By Weekly Echo Reporter
PETALING JAYA, Feb 24 – “How is the shelf life for vaccines extended?” This was the question a woman posed at a vaccination centre (PPV) after discovering that the vaccine intended for her domestic help had expired.
Speaking to Weekly Echo on the condition of annonymity, Anne (nor her real name) related her experience at the PPV on Wednesday.
“I took my helper to get her booster shot at a reputable PPV in Selangor. Heeding the Health Minister’s advise to boost up, I called up a few clinics and hospitals to check which one had Sinovac and headed over there.
“The place was empty, unlike the early days of the vaccination drive where people made beelines, drove out in throngs to the huge PPVs. I was happy. Until I reached the vaccination station.”
Anne said she enquired on the expiry date of the vaccine as advised by some friends, and was shocked to learn that the Sinovac vaccine had expired on January 31st.
“But what was more shocking was the information shared by the PPV staff: ‘Should be ok to take lah. So many have taken and none reported any side effects. KKM approved for this vaccine shelf life to be extended till 31 July 2022, but it’s up to you.”’
In November last year, the Ministry of Health did announce that it had approved a three-month shelf-life extension for the comirnaty-Covid-19 vaccines and six months for CoronaVac.
“Many of us are still unaware of this and many questions are not addressed” Anne said.
She said she made a few calls to some doctor friends for advise before finally declining to let her domestic help get the vaccine.
“I was uneasy with the said extension of use of a vaccine that had gone past its good date, not to mention only a couple of years old now.
“As these vaccines are still new, perhaps our Minister of Health can explain,” she said, wanting to know if this was the case with all the vaccines in Malaysia.
“Are they all extended past their expiry date? How do they determine how far can the expiry date be stretched to?
“Are the vaccines for children handled in the same manner?,” the mother of two children also wanted to know.
Along with these questions, Anne also wanted to know more details of the effects of expired vaccines.
- What are the side effects to look out for from being inoculated with an expired vaccine?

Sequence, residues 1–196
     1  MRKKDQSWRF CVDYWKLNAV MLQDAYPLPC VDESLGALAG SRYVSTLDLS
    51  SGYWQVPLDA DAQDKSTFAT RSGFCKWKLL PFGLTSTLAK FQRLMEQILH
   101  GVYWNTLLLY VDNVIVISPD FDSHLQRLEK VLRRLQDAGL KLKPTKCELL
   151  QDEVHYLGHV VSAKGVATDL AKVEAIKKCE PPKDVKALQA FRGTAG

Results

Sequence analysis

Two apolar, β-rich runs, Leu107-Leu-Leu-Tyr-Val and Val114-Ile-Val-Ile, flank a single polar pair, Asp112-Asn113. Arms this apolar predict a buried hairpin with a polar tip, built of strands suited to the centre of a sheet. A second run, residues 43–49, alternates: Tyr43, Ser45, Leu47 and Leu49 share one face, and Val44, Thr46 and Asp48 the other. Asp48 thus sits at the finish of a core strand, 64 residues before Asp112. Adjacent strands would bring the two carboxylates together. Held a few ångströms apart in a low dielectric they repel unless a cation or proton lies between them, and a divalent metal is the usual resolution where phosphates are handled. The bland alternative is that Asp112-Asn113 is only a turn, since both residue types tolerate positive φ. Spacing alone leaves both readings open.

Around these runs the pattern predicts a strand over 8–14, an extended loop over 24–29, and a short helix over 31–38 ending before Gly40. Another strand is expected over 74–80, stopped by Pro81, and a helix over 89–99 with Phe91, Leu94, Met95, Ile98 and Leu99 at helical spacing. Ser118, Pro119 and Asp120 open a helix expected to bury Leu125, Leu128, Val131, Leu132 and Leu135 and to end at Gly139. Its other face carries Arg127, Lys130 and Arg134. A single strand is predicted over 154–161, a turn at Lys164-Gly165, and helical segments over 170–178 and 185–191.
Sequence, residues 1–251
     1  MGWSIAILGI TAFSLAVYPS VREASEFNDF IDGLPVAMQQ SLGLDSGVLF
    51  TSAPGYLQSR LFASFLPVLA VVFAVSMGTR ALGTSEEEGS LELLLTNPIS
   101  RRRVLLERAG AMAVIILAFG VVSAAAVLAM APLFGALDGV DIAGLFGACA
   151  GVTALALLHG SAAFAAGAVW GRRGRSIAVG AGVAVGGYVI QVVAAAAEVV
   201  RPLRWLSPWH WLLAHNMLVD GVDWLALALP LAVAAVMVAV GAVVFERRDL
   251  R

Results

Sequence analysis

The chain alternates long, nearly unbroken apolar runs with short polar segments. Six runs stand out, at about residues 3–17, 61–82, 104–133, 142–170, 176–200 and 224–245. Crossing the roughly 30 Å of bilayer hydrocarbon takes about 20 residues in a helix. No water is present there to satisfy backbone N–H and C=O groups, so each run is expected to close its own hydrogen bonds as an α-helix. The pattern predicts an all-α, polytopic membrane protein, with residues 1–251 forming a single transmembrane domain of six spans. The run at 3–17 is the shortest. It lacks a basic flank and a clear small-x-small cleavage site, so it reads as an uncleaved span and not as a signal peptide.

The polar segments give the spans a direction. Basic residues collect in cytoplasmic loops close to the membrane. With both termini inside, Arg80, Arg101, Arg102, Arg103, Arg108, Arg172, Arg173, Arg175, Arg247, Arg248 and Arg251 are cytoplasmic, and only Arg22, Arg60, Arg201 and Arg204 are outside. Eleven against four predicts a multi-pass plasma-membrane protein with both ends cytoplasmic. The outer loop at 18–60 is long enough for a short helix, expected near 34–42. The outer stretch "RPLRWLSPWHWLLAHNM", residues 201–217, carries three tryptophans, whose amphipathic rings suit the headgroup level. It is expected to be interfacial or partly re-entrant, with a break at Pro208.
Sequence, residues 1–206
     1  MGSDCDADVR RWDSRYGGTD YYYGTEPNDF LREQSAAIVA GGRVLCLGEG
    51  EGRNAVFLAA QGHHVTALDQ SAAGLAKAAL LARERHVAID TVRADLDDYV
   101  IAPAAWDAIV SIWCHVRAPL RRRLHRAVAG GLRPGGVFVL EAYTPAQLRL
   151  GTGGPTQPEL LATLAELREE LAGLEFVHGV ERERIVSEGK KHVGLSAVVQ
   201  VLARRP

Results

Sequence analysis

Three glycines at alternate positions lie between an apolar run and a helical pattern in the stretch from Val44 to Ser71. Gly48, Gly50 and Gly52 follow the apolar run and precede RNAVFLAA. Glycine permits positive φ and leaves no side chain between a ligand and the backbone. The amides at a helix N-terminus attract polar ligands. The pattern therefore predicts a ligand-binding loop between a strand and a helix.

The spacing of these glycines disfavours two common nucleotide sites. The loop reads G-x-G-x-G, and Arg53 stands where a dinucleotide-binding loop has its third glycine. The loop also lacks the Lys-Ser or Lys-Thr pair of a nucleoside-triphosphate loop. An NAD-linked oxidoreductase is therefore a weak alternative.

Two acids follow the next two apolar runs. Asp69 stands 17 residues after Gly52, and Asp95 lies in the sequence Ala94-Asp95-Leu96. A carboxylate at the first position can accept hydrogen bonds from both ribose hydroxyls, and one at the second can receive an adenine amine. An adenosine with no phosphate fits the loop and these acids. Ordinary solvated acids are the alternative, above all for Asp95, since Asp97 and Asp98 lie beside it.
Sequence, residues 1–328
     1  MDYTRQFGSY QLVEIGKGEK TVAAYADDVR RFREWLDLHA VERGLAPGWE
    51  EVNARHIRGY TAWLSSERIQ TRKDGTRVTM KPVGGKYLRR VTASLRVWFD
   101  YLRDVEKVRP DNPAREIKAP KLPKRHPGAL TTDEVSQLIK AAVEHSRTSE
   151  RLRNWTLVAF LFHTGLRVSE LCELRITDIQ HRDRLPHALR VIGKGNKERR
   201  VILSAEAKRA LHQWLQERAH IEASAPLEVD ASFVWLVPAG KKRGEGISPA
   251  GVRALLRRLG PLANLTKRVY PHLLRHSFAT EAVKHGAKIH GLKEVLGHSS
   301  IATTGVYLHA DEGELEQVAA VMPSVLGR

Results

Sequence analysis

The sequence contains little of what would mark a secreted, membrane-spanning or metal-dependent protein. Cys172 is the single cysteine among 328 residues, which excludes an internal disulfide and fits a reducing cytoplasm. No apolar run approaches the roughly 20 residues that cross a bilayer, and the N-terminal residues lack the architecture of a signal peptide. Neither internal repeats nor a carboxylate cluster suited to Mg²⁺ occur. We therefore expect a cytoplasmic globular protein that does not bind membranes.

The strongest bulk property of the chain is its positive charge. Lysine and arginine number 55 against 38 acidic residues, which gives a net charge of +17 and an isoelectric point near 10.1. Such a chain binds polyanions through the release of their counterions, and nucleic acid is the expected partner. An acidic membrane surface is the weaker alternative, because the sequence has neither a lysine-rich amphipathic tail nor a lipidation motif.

- Would their side-effects be the same as those from the first 2 shots that were within the good date?
- Where is the data on the usage of expired vaccines?
- Has it been shared with the people of our country?
- Has it been shared with various media outlets that the expired Sinovac Vaccine can still be used?
- Has the effect of using expired vaccines been advised to the masses?
- Will people be told that they are being innoculated with a past good date vaccine? Or do they have to ask of the expiry date?
- What do the manufacturers advise on the usage of such vaccines?
Anne said she was also disappointed with another piece of information a friend shared with her on vaccines.
According to the friend, the booster shots offered at a popular local network of clinic at the price of RM99 had expiry dates going past this year, almost making her wonder why the difference.
Meanwhile, Weekly Echo made several calls to the network of clinics and confirmed that the booster shot offered for RM99 at the clinics all had expiry dates up till 2023.
One clinic said the expiry date was Feb 28, 2022 while another said the expiry date of the vials in their possession were up till June 16, 2023.
“Although vaccines are supposed to be free, I have decided to pay for it as I did not want to take the chance. Whether they are domestic helpers, construction workers or just any other other blue collared worker, expired vaccines are still risky to me,” Anne said.
Meanwhile, this is what the US health agency, Food and Drug Administration (FDA) has to say about a medicine.
“If a drug has degraded, it might not provide the patient with the intended benefit because it has a lower strength than intended. In addition, when a drug degrades it may yield toxic compounds that could cause consumers to experience unintended side effects. Patients with serious and life-threatening diseases may be particularly vulnerable to potential risks from drugs that have not been stored properly.